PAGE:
Friday, August 26, 2011
The Hedgehog (Le hérisson)
Like it or not, we all live in a heterogeneous environment
where people are from different classes, hold different
statuses, and reflect society's inequality. How we interact
with people outside our own domain can be very different
based on our understanding and empathy toward them. Often,
that interaction does not exist at all. Based on a
best-selling novel, Mona
Achache's impressive feature directorial debut
(Le hérisson | France 2009 | in French | 100 min.)
is an excellent film about discovering friendship and love
beyond the underline boundary of social circles.
The film's narrator is an artistic and articulate eleven-year-old girl, Paloma (Garance Le Guillermic) who lives in an up-scale Parisian apartment building and despises the wealth of the riches and the emptiness of their souls. She determines not to be one of them like her parents, and decides to end her life on her 12th birthday. She uses her dad's camcorder to make a film as her last testimony about her dramatic ending of her life. While running around shooting with her camcorder, she discovers a secret of the reserved 54-year-old concierge lady Renée (Josiane Balasko) who lives downstairs with her cat Leo, named after Leo Tolstoy—Renée is a bookworm and has her own world behind her closed door.
However, Renée's unkempt outlook doesn't escape the notice from an observant and polite wealthy Japanese tenant Kakuro Ozu (Togo Igawa) who just moves in the building. Despite the obvious difference in their social status, Kaburo's charmingly offers Renée his friendship. Ignoring any potential prejudice, they lighten up each other's life in this clearly divided building.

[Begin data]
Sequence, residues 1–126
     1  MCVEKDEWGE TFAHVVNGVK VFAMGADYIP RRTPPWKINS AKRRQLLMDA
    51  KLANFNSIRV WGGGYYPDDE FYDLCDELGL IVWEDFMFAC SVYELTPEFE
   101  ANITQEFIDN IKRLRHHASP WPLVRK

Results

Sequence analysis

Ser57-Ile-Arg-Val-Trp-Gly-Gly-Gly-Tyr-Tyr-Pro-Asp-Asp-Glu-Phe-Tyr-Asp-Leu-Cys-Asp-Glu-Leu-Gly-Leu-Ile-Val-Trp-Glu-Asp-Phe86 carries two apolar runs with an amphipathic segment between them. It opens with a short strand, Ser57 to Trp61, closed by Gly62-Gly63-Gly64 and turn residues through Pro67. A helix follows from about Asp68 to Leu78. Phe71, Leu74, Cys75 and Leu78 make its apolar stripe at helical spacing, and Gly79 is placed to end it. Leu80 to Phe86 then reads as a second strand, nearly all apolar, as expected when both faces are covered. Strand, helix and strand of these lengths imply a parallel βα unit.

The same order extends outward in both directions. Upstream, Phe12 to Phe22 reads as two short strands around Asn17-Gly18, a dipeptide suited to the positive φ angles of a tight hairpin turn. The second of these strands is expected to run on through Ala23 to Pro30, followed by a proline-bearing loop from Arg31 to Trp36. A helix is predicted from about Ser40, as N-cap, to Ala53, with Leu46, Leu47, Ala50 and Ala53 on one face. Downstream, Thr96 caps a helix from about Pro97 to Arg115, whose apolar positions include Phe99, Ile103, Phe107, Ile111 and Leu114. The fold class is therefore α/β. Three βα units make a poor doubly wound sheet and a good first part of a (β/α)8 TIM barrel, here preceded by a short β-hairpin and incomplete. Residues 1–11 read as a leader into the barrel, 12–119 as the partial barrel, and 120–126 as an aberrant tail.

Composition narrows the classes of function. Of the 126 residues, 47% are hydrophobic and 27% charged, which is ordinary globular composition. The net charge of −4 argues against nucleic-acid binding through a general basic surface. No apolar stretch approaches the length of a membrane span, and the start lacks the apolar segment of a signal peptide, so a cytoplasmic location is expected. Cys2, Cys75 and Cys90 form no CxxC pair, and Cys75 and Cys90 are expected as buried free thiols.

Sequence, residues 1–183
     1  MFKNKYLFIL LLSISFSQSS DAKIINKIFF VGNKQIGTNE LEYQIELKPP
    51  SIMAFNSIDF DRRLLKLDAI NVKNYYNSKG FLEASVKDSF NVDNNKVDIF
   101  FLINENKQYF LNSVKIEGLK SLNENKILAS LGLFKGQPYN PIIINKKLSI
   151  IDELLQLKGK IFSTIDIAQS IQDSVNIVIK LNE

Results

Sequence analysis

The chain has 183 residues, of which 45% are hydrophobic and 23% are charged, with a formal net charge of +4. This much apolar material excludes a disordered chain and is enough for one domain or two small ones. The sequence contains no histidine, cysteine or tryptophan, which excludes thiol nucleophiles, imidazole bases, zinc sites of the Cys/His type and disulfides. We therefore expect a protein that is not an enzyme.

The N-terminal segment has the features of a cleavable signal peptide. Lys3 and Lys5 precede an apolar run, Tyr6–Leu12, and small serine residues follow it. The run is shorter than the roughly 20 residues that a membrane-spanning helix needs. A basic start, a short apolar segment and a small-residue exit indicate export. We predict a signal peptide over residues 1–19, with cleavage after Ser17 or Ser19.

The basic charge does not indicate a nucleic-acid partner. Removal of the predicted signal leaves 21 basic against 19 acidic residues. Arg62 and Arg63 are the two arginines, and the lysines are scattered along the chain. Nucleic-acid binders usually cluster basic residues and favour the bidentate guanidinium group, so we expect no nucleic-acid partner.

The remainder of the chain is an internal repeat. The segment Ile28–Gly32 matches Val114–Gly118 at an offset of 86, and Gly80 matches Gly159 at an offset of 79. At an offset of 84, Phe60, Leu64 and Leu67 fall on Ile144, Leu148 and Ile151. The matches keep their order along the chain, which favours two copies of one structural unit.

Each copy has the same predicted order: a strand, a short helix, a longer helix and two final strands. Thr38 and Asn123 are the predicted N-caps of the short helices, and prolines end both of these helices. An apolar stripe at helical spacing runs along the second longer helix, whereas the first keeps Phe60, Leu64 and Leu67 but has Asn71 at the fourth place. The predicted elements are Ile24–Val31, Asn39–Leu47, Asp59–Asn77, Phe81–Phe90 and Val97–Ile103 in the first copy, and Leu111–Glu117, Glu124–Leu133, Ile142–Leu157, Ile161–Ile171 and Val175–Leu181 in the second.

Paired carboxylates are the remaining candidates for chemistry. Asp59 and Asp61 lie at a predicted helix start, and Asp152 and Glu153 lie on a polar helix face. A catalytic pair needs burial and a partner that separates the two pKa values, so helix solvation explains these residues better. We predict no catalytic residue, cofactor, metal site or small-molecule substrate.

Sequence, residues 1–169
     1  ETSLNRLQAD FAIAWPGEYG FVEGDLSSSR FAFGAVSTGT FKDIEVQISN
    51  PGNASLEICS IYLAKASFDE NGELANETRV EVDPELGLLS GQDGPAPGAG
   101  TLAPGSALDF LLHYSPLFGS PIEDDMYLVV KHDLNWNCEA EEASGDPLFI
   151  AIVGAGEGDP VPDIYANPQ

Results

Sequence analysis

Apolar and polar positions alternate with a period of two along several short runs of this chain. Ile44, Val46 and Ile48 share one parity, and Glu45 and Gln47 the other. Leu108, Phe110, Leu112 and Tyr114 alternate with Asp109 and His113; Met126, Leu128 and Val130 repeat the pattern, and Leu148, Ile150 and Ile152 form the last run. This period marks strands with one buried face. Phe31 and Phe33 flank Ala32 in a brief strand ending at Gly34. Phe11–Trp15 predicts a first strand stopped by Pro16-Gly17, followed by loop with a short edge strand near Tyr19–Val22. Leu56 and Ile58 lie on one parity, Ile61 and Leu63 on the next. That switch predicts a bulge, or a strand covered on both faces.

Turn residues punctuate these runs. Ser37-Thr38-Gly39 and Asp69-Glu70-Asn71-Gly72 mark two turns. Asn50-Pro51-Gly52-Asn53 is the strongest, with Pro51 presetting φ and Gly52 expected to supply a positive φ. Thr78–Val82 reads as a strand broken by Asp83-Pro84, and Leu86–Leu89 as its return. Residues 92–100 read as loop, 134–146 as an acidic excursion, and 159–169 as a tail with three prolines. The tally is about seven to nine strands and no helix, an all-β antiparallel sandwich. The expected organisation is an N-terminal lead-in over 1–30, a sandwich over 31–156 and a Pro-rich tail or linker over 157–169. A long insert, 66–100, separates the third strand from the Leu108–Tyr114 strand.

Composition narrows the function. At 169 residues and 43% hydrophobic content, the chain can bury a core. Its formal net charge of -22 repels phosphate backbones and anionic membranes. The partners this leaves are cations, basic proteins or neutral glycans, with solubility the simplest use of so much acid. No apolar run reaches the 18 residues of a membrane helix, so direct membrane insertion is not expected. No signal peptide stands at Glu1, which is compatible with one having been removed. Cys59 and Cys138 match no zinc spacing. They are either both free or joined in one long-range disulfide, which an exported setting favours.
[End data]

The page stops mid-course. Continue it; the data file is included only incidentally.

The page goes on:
Even the film's touching story sounds like a fairy tale, the fable is beautifully told by young write/director Mona Achache. The film artfully illustrates the elegant and sophisticated side of Renée's character, which doesn't resemble her labor duty during the day when she is invisible to most of the rich tenants in the building. The heartwarming romance between Kaburo and Renée is delicately developed and wonderfully displayed like a sushi platter by a skilled Japanese chef.
However, the rhythm of the film seems constantly disrupted by the restless Paloma. Perhaps Kaburo and Renée should have traveled to some remote location without Paloma around in order to proceed their courtship, Kaburo must be able to afford it. That brings another paradox of the film—on one hand, the film tells us not to judge a book by its cover; on the other hand, Renée gets a makeover before she shines and goes on a date with Kaburo. Being rich does provide benefits sometimes. Is Paloma learning this lesson too?
With terrific performance, this beautiful film affirms us that love can be found and felt, if we are brave enough to embrace and express it, regardless who we are.